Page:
And that’s just how both The Province and the Vancouver Sun newspapers covered the game in their April 22nd editions.
Wrote The Province’s Al Hooper, with a blend of enthusiasm for the product and a refreshing innocence for the NBA brand, which was still under a dozen years old and thus really didn’t have any brand: “…these very professional people exhibited a brand of skillful, willful basketball that hasn’t been matched here, even by the best of the Harlem Globetrotters’ retinues. They did it for 48 minutes in accordance with the pro rule of 12-minute quarters. And they did it with cold-blooded perfection.”
It was an era not given to hyperbole, yet seeing the world’s best in-person without the constant stream of highlight packages and games now afforded us, nonetheless made it tough not to gush.
And the Vancouver Sun’s Arv Olson was masterful in the understated eloquence with which he led off his piece.
“A centennial year only comes once in a lifetime,” Olson typed. “So does something like the spectacle seen Monday night at UBC War Memorial Gym.
“Some 3,500 fascinated fans were sent home spellbound, adjectives still spilling from their lips.
“They had witnessed 48 minutes of basketball — basketball they’ll never forget. Basketball they may never see here again. The best basketball in the world.”
Both reporters waxed on about Cousy and Pettit, describing all manner of set shots and hooks executed by the two hardcourt wizards. And Olson makes mention of Russell’s time being limited due to a sore ankle.
Indeed, Russell had suffered a serious ankle sprain in Game 3 of the NBA Finals, and many historians have pointed towards the injury as the key reason Boston lost the series, one which would lead to instant redemption the following season with the first of a record eight-straight championships.
All of which helps us run a fast-break transition towards an unmistakable truth: The difference between a 1950’s NBA player, and one from 2020.
First consider that sixth-and-deciding game of the 1958 Finals was played on April 12th in St. Louis.
According to the schedule for the so-called ‘1958 Professional Basketball Tour,’ the first of 21 games in 26 days was supposed to be played on the same day the sixth game of the NBA finals had taken place, and six of the 20 tour players were playing in those finals.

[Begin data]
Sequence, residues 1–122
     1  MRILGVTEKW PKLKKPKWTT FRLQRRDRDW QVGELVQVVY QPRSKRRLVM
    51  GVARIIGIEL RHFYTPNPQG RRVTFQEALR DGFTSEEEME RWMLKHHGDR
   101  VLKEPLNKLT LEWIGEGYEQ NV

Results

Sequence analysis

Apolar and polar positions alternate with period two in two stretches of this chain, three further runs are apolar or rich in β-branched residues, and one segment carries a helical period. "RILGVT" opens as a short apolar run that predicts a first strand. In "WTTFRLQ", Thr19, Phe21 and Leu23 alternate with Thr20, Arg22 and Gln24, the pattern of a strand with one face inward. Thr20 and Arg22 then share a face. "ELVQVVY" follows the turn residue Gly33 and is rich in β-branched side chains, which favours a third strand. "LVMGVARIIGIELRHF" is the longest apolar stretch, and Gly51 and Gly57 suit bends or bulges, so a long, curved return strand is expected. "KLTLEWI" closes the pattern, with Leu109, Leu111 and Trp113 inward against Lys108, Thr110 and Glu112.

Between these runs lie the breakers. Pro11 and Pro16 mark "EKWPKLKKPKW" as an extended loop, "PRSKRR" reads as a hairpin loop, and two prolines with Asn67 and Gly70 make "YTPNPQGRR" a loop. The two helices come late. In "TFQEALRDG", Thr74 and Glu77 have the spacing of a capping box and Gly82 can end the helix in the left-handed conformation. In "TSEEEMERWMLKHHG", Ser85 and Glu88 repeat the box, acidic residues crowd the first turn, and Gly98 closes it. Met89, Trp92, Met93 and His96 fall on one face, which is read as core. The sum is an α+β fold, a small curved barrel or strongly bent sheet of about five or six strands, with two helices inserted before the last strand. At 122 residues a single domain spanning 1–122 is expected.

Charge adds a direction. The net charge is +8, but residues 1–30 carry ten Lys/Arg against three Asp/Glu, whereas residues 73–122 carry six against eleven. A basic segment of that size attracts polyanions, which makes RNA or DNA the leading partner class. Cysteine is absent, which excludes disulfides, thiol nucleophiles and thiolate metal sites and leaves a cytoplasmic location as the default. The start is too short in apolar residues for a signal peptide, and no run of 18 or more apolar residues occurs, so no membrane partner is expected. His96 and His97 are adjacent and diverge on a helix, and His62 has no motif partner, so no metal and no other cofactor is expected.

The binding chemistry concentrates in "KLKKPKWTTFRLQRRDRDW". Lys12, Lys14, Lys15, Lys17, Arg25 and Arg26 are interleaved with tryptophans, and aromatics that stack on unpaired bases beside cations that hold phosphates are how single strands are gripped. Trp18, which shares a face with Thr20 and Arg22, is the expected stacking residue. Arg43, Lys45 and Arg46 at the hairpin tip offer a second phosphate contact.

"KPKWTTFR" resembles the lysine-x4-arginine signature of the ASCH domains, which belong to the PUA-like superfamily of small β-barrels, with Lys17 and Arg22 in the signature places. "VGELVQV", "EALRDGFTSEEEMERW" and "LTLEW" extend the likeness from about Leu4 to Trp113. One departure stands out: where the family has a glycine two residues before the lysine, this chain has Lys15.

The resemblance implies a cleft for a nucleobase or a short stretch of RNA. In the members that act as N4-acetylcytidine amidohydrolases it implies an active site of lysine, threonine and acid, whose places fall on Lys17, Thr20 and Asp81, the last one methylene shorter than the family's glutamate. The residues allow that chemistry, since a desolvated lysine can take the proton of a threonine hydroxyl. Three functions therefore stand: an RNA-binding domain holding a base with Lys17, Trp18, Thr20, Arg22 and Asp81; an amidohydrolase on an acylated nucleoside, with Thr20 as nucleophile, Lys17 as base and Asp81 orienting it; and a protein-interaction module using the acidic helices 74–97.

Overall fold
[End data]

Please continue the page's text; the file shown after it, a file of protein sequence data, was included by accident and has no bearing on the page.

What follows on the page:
So even if the April 12 opener slated for Lincoln, Nebraska was cancelled (and it likely could have been, as reports of the day have the Vancouver game as the eighth of the series, not the ninth as the schedule would indicate), the league’s superstars of the day were not begging off promotional duty for their league.
Russell, a max-salary player in any era you would choose to put him in, was in fact in Vancouver, and according to reports, still not 100 per cent healthy but playing.
In keeping with the style of day, here’s a hand-typed line-score from the game, just to honour the old-school ways of 1958:
East (134) — Braun 14, Schayes 19, Russell 3, Johnston 12, Guerin 14, Arizin 22, Sears 14, Cousy 26, Sharman 10.
West (127) — Garmaker 23, Pettit 18, Yardley 18, Foust 6, McGuire 20, Hagan 22, Shue 10, Lovellette 10.
Said Olson in closing his Vancouver Sun report: “In short, there was enough talent on hand to last any fan a… well, a hundred years.”
Knowing what we know now, that much is undeniable. And perhaps by the time the game’s actual centennial birthday arrives just past mid-century, the basketball gods will have blessed those lucky enough to have a chance, to jump in the time machine and experience it for themselves.
So here’s to future days, and here’s to what the Vancouver weather forecast might well be on April 21, 2058… the game’s 100th birthday: Cloudy, sunny periods, scattered showers, and a chance of … an NBA franchise of our own. Again. Finally and forever!
Varsity Letters extends a big thanks to Ken Winslade for not only being an eye-witness to the actual game in question over 60 years ago, but to buying the game program that night, keeping it in pristine condition, and allowing its pages to help our loyal Varsity Letters basketball nation more clearly re-live a great moment in B.C. basketball history.